Judicial Experience and the Efficiency and Accuracy of Patent Adjudication: An Empirical Analysis of the Case for a Specialized Patent Trial Court
84 Pages Posted: 27 Apr 2010 Last revised: 16 Jun 2011
Date Written: April 26, 2010
The creation of the U.S. Court of Appeals for the Federal Circuit (CAFC) is generally regarded as an improvement in the system of patent adjudication in the United States. There is, however, considerable support for the creation of a specialized patent trial court based on the argument that we need to create specialized, judicial human capital at the trial level. Proponents favoring this change base their reasoning on the two-part argument that, because of the complexity of patent cases and the natural limitation on most federal judges to be hearing a significant volume of patent cases, experienced federal judges on a specialized patent trial court will (1) resolve cases more efficiently (i.e., the duration of patent cases will be shorter), and (2) render more accurate decisions (i.e., lower reversal rate on appeal).
We treat each part of this argument as hypotheses to be tested by statistically analyzing the relationship between both general and patent-specific judicial experience of federal judges hearing patent cases and the efficiency and accuracy with which their cases were handled. In other words, we empirically answer the question whether federal judges exposed to more patent cases are better in terms of efficiently and accurately deciding patent cases compared to their judicial counterparts who have lesser exposure to patent cases. We measure general experience in terms of years on the bench (and other variables), cumulative patent experience in terms of the total number of patent cases a judge had presided over since the Federal Circuit Markman ruling, and recent patent experience by the number of patent cases a judge had presided over in the three year previous to the case at hand. We then test the impact of these experience measures on the efficiency with which a case is terminated, measured in terms of duration of the case, and the accuracy of the judge’s decisions, measured by the reversal rate on appeal.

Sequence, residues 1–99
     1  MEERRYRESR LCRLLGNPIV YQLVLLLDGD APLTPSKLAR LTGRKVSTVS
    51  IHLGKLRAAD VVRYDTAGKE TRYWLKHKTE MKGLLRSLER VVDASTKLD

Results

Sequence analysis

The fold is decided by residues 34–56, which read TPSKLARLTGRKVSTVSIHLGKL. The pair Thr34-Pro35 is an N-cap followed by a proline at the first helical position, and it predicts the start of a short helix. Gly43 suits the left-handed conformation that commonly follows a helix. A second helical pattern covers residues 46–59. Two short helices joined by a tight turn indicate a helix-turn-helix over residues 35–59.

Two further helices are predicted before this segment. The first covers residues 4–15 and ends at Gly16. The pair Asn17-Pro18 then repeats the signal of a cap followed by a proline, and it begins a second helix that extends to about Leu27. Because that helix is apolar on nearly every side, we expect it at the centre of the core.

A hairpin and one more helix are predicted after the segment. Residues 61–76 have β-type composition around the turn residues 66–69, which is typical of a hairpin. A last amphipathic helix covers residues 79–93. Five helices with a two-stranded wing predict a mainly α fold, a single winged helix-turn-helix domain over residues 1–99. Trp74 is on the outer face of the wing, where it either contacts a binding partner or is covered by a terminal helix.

With respect to efficiency, we find that both general and specialized patent experience shorten case duration, but only by a moderate amont. However, there is some weak evidence that patent cases handled by judges with more time on the bench may be more likely to result in settlements. Thus, it is possible that the impact of general judicial experience on case duration could be due to the ability of experienced judges to facilitate settlements rather than adjudicating to a ruling on the merits (summary judgment or through to trial). There is, however, no greater propensity to settle in the case of judges with more patent-specific judicial experience.
With respect to accuracy, we find that patent-specific judicial experience may increase the probability that a district court judge’s rulings are fully affirmed by the Federal Circuit (CAFC) and reduce the probability that they will be at least partially reversed by the CAFC. However, general judicial experience has no statistically significant impact on the reversal rate on appeal in patent cases. When the impact of specialized patent experience is tested for individual legal issues, we find that increased patent-specific experience may lower the reversal rate on appeal for rulings on preliminary injunctions, judgments as a matter of law, and infringement that involves issues other than claim construction. With respect to the issue of claim construction, our findings are consistent with other work demonstrating that experience with patent cases per se has no impact on the reversal rate of district court claim construction rulings.
Our results establish a real but moderate case for the development of patent-specific, judicial human capital at the district court level through the establishment of a specialized patent trial court.
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